2013 Website Design Trends

In 2013, web design continued to evolve. Mobile devices became even more widespread. Desktop sites continue to be simple and engage the user.

With newer technologies such as HTML5 and CSS3, more design and style options are possible which results in rich, chic, and elegant sites. HTML5 allows you to watch videos without needing a plug-in such as Flash. CSS3 allows easier way to apply stylesheets to different conditions, such as browsers and screen size.

These are the top 10 trends for 2013.

1. Importance of Content

“Content is King.” – Bill Gates (1/3/1996)

Without content, there would be no website. There must be enough content to get the point across without exaggerating or appearing as verbiage to the user. The content that works the best takes a few seconds to grab the user’s attention and keeps them engaged.

Content has always been a trend and will continue to be one.

2. User-Centered Design

UX, or User Experience, is the evaluation of how users feel about a system. A key factor in website design is how the users perceive it. Is the site easy to use? Does it look nice? Does the website provide a value? How are users interacting with the site? UX Design is important because it puts people first.

With users turning to their mobile devices for more and more aspects of their lives, UX-centered design is more important than ever. Websites that are rich in content and visual effects must enhance the user experience and meet the needs of the user.

3. Responsive Design

It was hard enough to ensure that websites functioned on a variety of desktop browsers—now websites must respond to the variety of mobile phones and tablets on the market, as well! This is called responsive design—design that responds to the user’s preferences. Developers must pay more attention to the website design in the early stages of development to ensure that it is responsive to many devices—everything from desktop browsers like Internet Explorer and Google Chrome, to Apple and Android mobile devices, and many others.

4. Moving away from Skeuomorphism

Skeuomorphism is the practice of an object copying the design of a similar object to convey a message more easily. Some examples of skeumorphisims are the concept of arranging folders and documents on a desktop or moving an item into the trash or recycling bin, much like you would throw something away in real life. Email programs are represented by an envelope mimicking a real life letter. Books are placed on a bookshelf to show your reading list.

Apple recently announced their decision to move away from skeuomorphism and take a more minimalistic approach. In the past, design leaned more towards the visual cues for what to do on the desktop or mobile device. Nowadays, people are more knowledgeable about technology and use it more than ever before resulting in more knowledge and understanding of how programs work. Some basic skeuomorphism techniques will still remain, while others will move towards newer inspired designs.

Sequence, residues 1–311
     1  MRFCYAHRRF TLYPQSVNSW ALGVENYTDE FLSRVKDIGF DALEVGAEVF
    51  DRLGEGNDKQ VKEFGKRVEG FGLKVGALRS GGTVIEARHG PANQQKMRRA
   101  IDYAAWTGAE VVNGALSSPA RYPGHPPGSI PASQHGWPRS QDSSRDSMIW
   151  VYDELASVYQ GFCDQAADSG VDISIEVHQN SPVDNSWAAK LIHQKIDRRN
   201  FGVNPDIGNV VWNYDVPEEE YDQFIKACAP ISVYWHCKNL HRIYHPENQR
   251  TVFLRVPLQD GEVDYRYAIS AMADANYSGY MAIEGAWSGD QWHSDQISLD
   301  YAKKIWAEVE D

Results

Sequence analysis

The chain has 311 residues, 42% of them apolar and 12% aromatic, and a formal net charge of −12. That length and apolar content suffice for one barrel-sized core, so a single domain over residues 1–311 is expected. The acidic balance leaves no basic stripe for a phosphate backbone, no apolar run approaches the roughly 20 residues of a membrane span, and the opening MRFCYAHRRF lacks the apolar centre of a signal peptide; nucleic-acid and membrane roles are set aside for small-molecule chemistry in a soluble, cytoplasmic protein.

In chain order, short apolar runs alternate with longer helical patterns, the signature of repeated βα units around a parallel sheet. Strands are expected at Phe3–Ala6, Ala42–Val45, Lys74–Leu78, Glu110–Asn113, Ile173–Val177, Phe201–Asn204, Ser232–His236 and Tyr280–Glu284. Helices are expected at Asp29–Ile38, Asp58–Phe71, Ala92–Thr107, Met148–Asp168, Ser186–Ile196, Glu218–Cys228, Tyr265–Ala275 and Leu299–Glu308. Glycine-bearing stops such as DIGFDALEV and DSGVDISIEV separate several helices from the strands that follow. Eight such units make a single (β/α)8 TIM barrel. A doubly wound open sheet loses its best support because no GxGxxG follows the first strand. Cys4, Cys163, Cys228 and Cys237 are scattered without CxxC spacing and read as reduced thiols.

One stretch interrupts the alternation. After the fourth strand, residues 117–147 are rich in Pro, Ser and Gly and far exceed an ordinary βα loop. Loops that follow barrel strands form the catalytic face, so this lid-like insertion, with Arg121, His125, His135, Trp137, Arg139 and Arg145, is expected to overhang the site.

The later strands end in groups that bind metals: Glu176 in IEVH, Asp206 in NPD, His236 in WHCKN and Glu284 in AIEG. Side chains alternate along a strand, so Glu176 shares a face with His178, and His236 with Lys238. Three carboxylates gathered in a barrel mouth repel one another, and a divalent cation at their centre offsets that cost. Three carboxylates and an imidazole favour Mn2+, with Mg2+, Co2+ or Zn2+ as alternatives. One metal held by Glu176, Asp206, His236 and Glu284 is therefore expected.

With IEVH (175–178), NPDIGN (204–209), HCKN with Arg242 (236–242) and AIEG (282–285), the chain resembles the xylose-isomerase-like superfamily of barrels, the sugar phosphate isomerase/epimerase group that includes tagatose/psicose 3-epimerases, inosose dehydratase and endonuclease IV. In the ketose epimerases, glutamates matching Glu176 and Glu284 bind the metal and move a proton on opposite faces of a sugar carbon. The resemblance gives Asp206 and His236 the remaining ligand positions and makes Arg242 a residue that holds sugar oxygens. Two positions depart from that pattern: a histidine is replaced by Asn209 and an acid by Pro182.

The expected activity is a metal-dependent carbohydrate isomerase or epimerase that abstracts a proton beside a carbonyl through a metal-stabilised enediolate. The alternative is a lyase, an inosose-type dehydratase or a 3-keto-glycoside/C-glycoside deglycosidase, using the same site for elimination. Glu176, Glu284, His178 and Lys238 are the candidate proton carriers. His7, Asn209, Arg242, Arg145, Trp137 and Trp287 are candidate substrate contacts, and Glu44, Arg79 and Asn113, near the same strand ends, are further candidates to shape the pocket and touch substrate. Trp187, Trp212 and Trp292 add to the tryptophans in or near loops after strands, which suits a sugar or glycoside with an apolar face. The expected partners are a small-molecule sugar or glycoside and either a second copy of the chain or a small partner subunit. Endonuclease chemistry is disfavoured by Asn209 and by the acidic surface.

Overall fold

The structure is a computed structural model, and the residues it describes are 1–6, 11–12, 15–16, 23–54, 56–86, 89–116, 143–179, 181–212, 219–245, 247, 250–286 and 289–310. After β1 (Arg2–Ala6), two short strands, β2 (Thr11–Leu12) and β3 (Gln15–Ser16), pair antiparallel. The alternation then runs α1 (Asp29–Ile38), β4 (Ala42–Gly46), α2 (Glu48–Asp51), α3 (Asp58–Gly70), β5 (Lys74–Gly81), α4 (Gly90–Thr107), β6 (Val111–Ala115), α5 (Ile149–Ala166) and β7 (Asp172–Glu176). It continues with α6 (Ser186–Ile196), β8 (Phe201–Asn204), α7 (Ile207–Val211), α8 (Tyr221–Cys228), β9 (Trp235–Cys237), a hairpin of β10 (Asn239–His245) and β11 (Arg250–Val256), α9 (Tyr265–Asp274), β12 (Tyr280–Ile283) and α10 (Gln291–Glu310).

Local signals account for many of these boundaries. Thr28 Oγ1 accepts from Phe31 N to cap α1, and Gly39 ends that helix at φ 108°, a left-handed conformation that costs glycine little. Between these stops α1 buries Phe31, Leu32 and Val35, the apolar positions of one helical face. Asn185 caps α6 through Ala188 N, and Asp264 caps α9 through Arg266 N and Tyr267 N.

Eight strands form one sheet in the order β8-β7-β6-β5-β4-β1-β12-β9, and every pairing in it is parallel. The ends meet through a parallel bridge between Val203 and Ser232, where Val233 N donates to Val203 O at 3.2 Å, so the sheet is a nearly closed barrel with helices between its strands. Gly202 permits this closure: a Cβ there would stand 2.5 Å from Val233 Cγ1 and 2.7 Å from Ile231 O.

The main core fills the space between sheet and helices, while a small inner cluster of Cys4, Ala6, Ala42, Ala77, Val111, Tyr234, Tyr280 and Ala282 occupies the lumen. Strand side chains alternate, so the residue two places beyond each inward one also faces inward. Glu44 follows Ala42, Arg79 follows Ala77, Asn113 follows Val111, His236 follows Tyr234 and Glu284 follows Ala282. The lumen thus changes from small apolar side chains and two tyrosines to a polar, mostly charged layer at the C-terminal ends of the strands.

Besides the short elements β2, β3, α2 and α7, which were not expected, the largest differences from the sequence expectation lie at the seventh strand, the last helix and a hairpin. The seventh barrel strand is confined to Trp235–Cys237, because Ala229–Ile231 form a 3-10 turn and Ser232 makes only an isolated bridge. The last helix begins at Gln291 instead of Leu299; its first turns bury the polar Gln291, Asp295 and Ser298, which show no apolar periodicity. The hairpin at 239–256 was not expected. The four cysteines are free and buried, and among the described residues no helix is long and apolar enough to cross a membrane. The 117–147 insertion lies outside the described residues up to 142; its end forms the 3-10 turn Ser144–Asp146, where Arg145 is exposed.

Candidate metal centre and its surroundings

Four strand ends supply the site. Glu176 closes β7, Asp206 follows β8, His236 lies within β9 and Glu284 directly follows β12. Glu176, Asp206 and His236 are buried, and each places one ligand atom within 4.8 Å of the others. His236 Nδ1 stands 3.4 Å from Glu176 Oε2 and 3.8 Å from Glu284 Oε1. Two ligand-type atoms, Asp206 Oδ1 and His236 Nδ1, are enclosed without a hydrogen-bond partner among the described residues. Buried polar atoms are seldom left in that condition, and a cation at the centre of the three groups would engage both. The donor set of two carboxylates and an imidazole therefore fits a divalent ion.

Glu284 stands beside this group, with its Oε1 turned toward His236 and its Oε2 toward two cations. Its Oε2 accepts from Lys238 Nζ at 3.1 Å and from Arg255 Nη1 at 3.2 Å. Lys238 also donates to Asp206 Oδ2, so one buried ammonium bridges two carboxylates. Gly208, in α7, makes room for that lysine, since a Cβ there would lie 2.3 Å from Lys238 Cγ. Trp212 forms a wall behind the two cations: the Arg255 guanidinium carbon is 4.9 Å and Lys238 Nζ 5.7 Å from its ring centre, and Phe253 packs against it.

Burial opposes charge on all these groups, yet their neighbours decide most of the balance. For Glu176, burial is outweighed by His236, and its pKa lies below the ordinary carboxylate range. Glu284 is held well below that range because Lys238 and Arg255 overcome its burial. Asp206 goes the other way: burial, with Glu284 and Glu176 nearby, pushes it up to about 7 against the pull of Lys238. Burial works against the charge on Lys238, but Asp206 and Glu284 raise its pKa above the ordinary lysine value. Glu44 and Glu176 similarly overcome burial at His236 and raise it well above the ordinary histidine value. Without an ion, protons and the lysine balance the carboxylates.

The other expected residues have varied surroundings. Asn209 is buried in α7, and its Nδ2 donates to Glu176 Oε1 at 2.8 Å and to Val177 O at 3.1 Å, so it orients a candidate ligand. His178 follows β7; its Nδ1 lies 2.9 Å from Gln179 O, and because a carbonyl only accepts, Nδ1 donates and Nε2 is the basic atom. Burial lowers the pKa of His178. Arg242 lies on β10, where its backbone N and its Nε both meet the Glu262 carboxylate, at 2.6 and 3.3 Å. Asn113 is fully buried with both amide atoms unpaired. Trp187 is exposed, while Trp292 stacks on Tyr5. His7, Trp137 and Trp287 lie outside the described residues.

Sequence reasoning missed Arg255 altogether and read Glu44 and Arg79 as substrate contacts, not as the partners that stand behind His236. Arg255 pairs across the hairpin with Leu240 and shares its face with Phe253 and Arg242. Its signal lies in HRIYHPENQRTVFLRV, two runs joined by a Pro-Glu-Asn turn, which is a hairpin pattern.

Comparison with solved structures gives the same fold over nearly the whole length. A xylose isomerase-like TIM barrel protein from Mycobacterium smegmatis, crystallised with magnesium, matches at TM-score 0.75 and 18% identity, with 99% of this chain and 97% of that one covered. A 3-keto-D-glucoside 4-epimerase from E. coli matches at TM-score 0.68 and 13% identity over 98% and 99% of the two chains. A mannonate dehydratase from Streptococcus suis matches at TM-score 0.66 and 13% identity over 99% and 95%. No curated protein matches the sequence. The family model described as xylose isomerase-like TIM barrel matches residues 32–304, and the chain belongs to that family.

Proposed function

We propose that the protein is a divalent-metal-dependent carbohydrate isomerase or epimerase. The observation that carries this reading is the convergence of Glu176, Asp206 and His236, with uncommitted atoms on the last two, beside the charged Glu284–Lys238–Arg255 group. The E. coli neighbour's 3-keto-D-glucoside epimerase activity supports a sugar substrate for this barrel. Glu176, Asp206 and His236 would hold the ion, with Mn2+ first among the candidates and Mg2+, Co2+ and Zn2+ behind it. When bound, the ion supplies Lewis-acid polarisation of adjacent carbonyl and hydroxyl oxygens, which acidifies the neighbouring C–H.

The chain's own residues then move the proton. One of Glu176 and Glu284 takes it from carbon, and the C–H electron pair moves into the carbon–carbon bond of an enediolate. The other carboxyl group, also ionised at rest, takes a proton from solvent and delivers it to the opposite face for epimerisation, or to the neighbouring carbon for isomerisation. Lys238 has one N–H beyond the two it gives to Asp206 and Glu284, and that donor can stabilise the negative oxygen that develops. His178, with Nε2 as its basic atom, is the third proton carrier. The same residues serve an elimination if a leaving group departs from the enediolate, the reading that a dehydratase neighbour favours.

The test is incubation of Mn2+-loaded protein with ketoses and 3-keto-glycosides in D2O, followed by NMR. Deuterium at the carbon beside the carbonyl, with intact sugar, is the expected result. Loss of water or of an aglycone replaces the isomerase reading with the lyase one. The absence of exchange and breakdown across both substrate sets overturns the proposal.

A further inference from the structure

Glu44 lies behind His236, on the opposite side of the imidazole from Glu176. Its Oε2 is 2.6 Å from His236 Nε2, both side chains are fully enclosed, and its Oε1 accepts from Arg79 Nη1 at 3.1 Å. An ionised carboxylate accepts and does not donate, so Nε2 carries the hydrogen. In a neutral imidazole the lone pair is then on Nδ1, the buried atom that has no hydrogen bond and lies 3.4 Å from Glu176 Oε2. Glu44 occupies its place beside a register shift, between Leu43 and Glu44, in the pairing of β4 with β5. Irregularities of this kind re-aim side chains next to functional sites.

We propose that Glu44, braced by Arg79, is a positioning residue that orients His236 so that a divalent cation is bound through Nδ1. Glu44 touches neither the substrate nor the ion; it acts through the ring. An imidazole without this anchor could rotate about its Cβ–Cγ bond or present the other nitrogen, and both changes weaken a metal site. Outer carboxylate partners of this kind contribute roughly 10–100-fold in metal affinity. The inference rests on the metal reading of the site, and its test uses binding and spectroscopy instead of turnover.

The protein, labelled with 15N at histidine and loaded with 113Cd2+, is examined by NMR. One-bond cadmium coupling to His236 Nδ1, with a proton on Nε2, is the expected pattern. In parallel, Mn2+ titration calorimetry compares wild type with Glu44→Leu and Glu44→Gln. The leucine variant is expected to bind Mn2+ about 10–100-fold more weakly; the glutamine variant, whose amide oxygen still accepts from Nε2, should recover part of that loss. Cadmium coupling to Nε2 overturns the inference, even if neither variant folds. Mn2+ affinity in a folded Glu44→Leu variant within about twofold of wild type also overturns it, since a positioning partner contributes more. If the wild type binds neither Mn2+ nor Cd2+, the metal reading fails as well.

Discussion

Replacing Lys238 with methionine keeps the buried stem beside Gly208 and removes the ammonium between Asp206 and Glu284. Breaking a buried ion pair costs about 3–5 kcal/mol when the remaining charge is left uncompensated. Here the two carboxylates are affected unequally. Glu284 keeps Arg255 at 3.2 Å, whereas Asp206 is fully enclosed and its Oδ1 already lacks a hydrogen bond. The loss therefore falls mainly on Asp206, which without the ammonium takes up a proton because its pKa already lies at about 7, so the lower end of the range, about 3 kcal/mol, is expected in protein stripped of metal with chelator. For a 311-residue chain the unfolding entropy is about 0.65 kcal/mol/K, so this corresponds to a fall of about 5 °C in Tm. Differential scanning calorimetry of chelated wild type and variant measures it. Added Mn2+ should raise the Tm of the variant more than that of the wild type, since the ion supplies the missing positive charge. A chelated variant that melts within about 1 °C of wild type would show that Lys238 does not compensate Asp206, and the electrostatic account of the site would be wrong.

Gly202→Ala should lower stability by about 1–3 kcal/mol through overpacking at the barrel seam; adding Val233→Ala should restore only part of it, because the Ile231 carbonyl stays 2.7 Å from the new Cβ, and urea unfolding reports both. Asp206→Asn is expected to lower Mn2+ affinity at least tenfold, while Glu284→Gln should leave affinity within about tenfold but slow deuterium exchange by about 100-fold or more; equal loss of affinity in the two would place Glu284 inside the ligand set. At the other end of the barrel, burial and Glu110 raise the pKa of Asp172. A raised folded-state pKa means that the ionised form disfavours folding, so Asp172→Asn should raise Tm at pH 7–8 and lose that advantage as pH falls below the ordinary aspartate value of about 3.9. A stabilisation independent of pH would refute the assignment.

5. Social Media

Social media will be integrated in web designs more and more frequently. Social media plays an important part in marketing to a business. You want users to “like” or “follow” your site, as well as promote your products and services. Web designs need to ensure they include the most popular social networking sites, such as Facebook and Twitter, but don’t forget about Google+, LinkedIn, Pinterest, StumbleUpon, Yelp, Foursquare, Instagram and many more. The social networks that should be included on a website will depend on what type of website it is.

6. Simplicity of Design

In web design, less is more. It is usually best practice to take a minimalistic approach. Pages that are cluttered with too many ads and too much content distract the user and take away from engaging the user in the site. Many pages will be designed using more whitespace, drawing attention directly to the content on the page rather than having the user looking everywhere.

7. Single Page Design

In 2013, the single page design has taken off. A single page website is simple, modern-looking and unique. They tend to grab the user’s attention faster but it is challenging to ensure the right amount of content is on the page.

A single page is a page where clicking a link takes you to another part of the page, not an entirely new page. The change between the “pages” has a scrolling or sliding effect. The page can also be designed for the user to scroll through or only be one single page with all the necessary content on one page. The style of the single page design will depend on the content of the site.

8. Fixed Header Bars

Fixed header bars aren’t new, but they haven’t caught on quickly until now. This year, many more pages have a header bar that remains in place as the user browses around the site. This makes for easier navigation and a more pleasing look and feel.

9. Typography

Typography has gained more importance as a key element in web design. Presenting the content in a nice font is taking the place of images and Javascript. This makes the site more responsive than dealing with more complicated designs because it is easier for the user to read and feels more pleasing to the eye.

10. Visuals and Graphics

Detailed graphics and large images are being used to make an impact and to capture the attention span of the user in just a few seconds. Many sites are using large graphics on their landing page to make an impact. Even though they are using large images and visuals, the landing pages still take a minimalistic approach when it comes to their design.